Concentrated poverty is a wretched thing, but the solution is not so simple as tearing down the projects. Hanna Rosin wrote about the unintended consequences of Section 8 housing in last summer’s Atlantic. Some excerpts follow (like most things in the Atlantic, it is a bit too long for casual reading but well worth the effort):
Ed Goetz, a housing expert at the University of Minnesota, is creating a database of the follow-up research at different sites across the country, “to make sense of these very limited positive outcomes.” On the whole, he says, people don’t consistently report any health, education, or employment benefits. They are certainly no closer to leaving poverty. They tend to “feel better about their environments,” meaning they see less graffiti on the walls and fewer dealers on the streets. But just as strongly, they feel “a sense of isolation in their new communities.” His most surprising finding, he says, “is that they miss the old community. For all of its faults, there was a tight network that existed. So what I’m trying to figure out is: Was this a bad theory of poverty? We were intending to help people climb out of poverty, but that hasn’t happened at all. Have we underestimated the role of support networks and overestimated the role of place?”
I also met La Sasha Rodgers, who was 19 when Dixie was torn down (now she’s 21). “A lot of people thought it was bad, because they didn’t live there,” she told me. “But it was like one big family. It felt like home. If I could move back now, the way it was, I would.” She moved out to a house in South Memphis with her mother, and all the little cousins and nieces and nephews who drift in during the day. She doesn’t know anyone else on the block. “It’s just here,” she said about her new house. Rodgers may not see them right out her window, but she knows that the “same dope dealers, the same junkies” are just down the block. The threats are no less real, but now they seem distant and dull, as if she were watching neighborhood life on TV. At Dixie, when there were shots at the corner store, everyone ran out to see what was happening. Now, “if somebody got shot, we wouldn’t get up to see.”
Dixie Homes was a complex of two- and three-story brick buildings on grassy plots. It was, by all accounts, claustrophobic, sometimes badly maintained, and occasionally violent. But to its residents, it was, above all, a community. Every former resident I spoke to mentioned one thing: the annual Easter-egg hunt. Demonizing the high-rises has blinded some city officials to what was good and necessary about the projects, and what they ultimately have to find a way to replace: the sense of belonging, the informal economy, the easy access to social services. And for better or worse, the fact that the police had the address.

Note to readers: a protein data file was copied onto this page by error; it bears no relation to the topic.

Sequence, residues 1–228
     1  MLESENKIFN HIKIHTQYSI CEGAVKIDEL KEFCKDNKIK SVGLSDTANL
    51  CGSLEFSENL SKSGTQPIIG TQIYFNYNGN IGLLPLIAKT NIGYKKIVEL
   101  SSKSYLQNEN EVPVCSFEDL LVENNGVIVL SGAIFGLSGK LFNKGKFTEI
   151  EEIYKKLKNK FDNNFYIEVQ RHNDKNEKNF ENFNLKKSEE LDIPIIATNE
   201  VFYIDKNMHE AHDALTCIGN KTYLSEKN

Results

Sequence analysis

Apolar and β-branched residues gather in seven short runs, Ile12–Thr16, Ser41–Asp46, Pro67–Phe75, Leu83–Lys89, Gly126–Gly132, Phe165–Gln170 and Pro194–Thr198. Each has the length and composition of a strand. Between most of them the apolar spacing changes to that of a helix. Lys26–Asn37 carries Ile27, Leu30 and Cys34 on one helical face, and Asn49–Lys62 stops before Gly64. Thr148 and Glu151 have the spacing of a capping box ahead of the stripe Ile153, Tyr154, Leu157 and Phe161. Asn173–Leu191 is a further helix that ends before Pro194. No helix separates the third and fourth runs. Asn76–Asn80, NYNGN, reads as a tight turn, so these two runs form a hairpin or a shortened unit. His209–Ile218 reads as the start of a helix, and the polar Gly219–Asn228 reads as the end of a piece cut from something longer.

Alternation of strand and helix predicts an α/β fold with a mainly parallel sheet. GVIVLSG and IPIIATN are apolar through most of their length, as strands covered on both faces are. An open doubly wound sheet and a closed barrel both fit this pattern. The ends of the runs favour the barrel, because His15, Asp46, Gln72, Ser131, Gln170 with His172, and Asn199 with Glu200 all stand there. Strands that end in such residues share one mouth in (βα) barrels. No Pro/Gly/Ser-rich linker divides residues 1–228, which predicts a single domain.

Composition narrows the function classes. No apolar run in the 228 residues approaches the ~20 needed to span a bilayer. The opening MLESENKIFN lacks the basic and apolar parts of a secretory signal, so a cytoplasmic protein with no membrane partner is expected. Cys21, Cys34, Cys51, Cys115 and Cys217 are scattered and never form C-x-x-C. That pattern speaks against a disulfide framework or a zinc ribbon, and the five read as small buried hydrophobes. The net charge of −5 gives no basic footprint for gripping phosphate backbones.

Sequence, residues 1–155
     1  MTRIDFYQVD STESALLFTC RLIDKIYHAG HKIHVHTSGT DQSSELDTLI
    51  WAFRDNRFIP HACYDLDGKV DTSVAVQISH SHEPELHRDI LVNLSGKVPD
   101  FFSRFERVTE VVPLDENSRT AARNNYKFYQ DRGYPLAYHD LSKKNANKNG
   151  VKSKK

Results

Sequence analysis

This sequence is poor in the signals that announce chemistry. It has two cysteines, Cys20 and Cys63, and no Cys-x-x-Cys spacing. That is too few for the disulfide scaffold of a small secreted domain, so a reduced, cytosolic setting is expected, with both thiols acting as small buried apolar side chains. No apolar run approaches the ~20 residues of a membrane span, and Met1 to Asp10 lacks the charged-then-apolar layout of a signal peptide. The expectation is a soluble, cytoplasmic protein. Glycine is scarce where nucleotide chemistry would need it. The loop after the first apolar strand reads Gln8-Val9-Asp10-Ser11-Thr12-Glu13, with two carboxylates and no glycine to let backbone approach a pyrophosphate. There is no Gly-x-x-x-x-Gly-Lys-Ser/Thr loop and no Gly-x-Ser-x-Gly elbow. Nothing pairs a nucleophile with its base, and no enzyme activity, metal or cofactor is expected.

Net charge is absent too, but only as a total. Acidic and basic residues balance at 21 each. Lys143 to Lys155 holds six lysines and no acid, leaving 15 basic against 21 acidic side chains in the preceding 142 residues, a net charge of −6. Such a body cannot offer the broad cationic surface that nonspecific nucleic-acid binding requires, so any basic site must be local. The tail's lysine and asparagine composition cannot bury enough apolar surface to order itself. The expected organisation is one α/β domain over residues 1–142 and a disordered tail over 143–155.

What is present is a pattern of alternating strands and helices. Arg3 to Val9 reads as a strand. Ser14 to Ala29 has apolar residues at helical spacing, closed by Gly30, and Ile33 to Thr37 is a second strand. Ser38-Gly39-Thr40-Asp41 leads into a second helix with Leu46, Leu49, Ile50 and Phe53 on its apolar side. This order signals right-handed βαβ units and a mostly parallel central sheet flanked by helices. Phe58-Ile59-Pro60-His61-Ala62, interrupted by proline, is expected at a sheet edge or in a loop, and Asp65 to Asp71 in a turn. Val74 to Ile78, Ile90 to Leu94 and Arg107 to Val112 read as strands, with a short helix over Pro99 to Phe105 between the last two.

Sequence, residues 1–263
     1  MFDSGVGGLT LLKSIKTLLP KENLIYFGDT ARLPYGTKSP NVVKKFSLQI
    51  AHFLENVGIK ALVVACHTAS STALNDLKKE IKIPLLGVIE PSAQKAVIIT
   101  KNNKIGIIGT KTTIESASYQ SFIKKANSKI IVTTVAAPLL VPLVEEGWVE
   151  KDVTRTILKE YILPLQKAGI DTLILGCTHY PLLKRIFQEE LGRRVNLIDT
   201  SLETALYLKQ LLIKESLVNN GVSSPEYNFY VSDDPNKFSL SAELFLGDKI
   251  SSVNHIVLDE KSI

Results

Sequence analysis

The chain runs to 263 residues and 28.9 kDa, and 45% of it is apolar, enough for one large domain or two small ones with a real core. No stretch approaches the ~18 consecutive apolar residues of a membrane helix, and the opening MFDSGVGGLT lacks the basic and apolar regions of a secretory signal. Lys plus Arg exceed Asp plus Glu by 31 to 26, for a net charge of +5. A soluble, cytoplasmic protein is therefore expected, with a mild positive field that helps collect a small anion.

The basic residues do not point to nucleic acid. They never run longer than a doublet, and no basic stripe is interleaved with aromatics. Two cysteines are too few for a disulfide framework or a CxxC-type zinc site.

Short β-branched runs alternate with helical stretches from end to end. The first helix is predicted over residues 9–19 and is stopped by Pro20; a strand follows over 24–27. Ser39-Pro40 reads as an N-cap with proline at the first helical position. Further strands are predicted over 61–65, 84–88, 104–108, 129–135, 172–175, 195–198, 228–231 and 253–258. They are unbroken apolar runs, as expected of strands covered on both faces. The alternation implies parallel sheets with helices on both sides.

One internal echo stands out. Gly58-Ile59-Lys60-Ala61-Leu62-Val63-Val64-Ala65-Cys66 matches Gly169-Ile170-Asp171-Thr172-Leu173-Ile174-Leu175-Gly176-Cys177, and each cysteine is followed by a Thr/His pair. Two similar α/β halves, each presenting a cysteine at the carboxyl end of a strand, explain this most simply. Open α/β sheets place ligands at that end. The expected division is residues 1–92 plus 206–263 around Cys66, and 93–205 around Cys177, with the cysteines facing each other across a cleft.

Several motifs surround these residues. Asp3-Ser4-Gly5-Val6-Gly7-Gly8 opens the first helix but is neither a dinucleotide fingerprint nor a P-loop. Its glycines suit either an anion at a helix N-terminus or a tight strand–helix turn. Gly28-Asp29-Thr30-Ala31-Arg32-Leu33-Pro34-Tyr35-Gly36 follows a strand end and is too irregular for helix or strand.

Architect Teddy Cruz may have found a middle ground between dissipating poverty and dissipating social supports: planned slums. In GOOD:
Behind the precariousness of low-income communities, says Cruz, there is a sophisticated social collaboration: People share resources, make use of every last scrap, and look out for each other. Cruz is incorporating this resourcefulness into the planning of two new developments, in San Ysidro, a border-town community in southern San Diego, and in Hudson, New York. If they work as planned, these projects will become powerful case studies for a new approach to urban development that could be implemented across the country.
In collaboration with the nonprofit Casa Familiar, the San Ysidro development will include 30 housing units alongside spaces where residents can run small businesses. The model also accounts for sweat equity, allowing people who help with construction to gain rent credits for their work. Hudson, meanwhile, may not be a border community, but Cruz says the same conflicts are present—specifically, “a huge gap between rich and poor.” Cruz’s plan aims to vault the income gap with developments on several lots that are integrated into the city. The developments will include 60 housing units, playgrounds, a market, urban agriculture, and job-training facilities, all managed by a coalition of nonprofit groups.